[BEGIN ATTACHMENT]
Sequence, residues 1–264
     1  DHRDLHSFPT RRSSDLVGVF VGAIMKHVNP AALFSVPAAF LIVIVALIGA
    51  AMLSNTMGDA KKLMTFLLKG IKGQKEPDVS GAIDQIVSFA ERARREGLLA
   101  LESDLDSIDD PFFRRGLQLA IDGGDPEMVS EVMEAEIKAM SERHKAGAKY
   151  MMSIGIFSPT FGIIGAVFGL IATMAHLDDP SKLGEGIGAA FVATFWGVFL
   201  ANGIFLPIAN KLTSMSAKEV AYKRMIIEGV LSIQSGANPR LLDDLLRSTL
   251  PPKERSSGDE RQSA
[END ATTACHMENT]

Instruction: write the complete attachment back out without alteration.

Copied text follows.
Sequence, residues 1–264
     1  DHRDLHSFPT RRSSDLVGVF VGAIMKHVNP AALFSVPAAF LIVIVALIGA
    51  AMLSNTMGDA KKLMTFLLKG IKGQKEPDVS GAIDQIVSFA ERARREGLLA
   101  LESDLDSIDD PFFRRGLQLA IDGGDPEMVS EVMEAEIKAM SERHKAGAKY
   151  MMSIGIFSPT FGIIGAVFGL IATMAHLDDP SKLGEGIGAA FVATFWGVFL
   201  ANGIFLPIAN KLTSMSAKEV AYKRMIIEGV LSIQSGANPR LLDDLLRSTL
   251  PPKERSSGDE RQSA